When all attempts and programs had run their course and old men and women were left to remember what was promised to them by Federal officials, few know what painful legacy they had inherited from those that testified. Could it be that the trust violated over a hundred years ago is not easily healed? No trust exists today; worse, too many believe lies and theft are just to be accepted as part of living in Tulsa. For some clues we could return to TDA’s own words:
“Although many players have contributed to the seemingly overnight rebirth of Tulsa’s urban core, the Tulsa Development Authority has been a genuine change agent. Yet few outside city planning offices and property developers may be aware of TDA’s role.
Well they may be showing their hand with that statement. They are “a genuine change agent and few outside city planning offices and property developers may be aware of TDA’s role.” That is no doubt on purpose. They operate in darkness and make deals with no appreciation for the history and injustice committed 100 years ago and every year since. And from TDA’s own words.
The Tulsa Development Authority is rooted in more than 50 years of the City’s history. Formed as the Tulsa Urban Renewal Authority in 1959, it sought to identify, remove and reinvigorate blighted areas through federal funds.
Although the urban renewal funding program ended in 1974, over the decades, the Authority’s role expanded to cover diverse areas including neighborhood improvement, code enforcement, flood area acquisition, and home rehabilitation. Presently, it focuses on land acquisition and sales for targeted economic development.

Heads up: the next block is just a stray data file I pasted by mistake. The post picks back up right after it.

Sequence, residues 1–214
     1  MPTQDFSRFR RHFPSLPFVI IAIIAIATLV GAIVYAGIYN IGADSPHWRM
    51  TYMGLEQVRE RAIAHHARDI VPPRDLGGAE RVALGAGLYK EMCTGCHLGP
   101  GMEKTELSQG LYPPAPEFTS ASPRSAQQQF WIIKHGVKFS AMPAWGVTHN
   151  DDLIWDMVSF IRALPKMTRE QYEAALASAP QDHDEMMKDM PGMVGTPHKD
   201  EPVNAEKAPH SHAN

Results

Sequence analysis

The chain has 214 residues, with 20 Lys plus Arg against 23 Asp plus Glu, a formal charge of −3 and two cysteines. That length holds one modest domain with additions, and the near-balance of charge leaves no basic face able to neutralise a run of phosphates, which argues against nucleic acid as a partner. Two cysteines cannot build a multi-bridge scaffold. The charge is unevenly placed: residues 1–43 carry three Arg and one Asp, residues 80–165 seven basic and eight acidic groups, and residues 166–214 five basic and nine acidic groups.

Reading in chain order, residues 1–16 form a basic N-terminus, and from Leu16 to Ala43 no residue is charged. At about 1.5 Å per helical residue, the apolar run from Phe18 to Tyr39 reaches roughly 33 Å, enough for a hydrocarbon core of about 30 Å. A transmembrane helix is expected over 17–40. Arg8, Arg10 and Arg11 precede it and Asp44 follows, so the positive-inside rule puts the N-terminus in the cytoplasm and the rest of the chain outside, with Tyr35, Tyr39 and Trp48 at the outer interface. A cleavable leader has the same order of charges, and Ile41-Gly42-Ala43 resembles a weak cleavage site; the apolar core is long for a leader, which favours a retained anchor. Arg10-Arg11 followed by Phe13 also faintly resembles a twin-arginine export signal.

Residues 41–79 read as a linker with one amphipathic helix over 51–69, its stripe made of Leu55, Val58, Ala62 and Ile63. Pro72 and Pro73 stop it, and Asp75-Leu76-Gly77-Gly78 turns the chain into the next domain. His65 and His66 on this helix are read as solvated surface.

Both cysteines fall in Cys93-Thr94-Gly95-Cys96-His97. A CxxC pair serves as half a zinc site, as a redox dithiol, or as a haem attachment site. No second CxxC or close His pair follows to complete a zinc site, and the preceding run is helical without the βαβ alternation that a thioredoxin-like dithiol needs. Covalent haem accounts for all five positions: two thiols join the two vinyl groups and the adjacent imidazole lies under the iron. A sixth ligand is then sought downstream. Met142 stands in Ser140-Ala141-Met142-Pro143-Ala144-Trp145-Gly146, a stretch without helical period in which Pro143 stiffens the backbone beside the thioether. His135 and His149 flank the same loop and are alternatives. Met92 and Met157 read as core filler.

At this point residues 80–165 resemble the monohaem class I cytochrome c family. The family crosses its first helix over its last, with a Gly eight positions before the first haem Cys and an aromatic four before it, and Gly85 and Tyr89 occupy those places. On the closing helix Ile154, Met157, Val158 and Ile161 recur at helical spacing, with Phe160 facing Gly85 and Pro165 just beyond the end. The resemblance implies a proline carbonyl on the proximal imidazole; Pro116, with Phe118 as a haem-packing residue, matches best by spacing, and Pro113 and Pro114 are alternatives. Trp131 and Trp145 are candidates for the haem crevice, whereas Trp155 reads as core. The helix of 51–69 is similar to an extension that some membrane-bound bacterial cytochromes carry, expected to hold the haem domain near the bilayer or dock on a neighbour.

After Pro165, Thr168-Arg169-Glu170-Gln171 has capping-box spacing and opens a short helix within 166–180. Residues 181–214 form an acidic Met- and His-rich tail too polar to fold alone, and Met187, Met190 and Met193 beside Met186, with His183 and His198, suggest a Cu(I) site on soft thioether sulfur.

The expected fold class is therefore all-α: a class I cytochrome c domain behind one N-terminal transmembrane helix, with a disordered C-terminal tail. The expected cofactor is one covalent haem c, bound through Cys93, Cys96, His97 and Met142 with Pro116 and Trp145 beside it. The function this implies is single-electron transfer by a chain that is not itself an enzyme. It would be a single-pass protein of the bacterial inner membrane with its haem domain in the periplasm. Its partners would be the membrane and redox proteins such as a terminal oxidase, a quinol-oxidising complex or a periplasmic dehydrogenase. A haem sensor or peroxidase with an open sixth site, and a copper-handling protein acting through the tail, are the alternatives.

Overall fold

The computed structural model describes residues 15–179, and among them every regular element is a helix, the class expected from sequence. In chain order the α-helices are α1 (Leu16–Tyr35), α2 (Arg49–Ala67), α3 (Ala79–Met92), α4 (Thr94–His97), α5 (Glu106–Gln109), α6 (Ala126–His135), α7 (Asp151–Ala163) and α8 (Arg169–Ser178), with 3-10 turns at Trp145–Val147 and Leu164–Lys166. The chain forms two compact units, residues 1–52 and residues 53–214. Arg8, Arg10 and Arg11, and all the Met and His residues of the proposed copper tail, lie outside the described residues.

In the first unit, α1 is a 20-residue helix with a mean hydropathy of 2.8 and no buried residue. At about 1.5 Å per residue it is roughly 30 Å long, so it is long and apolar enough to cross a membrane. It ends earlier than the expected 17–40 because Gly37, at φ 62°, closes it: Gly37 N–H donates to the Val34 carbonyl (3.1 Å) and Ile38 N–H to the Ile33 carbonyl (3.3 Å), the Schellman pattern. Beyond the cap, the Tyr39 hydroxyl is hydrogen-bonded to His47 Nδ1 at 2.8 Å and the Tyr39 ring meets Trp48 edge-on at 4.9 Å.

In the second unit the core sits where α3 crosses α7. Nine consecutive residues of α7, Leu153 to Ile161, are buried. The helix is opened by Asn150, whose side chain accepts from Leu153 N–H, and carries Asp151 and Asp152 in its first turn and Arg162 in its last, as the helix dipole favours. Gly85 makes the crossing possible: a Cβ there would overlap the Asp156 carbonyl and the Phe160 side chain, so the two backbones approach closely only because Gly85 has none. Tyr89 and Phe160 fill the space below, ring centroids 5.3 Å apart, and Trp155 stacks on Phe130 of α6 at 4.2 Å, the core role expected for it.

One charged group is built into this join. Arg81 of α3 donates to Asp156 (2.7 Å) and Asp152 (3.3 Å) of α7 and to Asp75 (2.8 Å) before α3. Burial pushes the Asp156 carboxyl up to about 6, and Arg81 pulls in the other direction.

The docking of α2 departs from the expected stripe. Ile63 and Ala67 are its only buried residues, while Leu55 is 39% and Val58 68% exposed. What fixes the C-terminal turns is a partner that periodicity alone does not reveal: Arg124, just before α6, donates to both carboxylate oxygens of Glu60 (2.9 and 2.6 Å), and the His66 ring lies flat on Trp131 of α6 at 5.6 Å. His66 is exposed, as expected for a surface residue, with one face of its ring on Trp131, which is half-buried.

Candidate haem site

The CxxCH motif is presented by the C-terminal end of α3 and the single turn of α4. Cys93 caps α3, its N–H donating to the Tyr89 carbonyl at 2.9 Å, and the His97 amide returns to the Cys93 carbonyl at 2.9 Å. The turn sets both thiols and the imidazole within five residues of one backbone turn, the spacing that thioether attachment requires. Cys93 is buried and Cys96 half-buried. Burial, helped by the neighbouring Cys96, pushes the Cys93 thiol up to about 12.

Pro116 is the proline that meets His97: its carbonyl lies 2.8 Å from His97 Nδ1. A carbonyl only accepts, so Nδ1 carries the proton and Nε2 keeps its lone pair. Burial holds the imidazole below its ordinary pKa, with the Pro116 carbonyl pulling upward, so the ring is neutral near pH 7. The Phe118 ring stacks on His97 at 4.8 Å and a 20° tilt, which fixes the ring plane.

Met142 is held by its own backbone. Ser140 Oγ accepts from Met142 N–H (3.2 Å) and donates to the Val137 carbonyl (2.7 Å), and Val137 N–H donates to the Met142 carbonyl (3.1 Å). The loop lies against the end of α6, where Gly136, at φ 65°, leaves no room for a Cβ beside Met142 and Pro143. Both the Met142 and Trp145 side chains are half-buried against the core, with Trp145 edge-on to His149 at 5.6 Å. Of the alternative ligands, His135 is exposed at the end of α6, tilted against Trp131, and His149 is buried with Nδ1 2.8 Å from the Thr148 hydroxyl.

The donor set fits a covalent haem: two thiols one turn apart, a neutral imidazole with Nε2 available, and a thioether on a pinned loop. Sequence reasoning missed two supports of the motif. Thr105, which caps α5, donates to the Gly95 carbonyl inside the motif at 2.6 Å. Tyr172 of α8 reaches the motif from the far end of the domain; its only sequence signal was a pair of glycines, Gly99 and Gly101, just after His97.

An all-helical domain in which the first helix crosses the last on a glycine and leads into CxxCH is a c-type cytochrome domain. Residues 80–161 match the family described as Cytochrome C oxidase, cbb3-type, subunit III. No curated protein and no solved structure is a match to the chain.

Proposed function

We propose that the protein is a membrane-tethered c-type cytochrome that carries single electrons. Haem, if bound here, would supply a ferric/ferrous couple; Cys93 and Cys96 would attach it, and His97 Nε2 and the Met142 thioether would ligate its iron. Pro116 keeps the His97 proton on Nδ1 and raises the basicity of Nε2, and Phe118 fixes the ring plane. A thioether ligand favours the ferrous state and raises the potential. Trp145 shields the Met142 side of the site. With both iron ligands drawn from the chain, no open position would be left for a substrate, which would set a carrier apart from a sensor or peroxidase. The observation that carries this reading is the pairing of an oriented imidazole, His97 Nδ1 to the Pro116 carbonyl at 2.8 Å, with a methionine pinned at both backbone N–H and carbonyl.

They make no excuses for their history and expanded powers. By the way it would be nice to see a list of all the rehabilitated homes. Did TDA through neighborhood improvement, code enforcement, and flood area acquisition take more homes than they rehabilitated?
Are we expected one more time to fight for the last scraps of land available for meaningful development? There are potential black developers interested in developing Greenwood and land still held in and around OSU Tulsa.
This is a time to stand up and be heard. Only the righteous voices of the children of the 1921 Race Massacre will break through and change the stranglehold on land once held by elders of Greenwood. Let Tulsa know without question that enough is enough. Send your concerns and thoughts to the City of Tulsa, Attn: Mayor’s Office, 175 E. 2nd St., Tulsa, OK., 74103.
This is the last paper of 2019. We hope you have a Merry Christmas and Happy New Year from your friends at The Oklahoma Eagle. We will continue to shed light and raise our voices for what is best for our readership.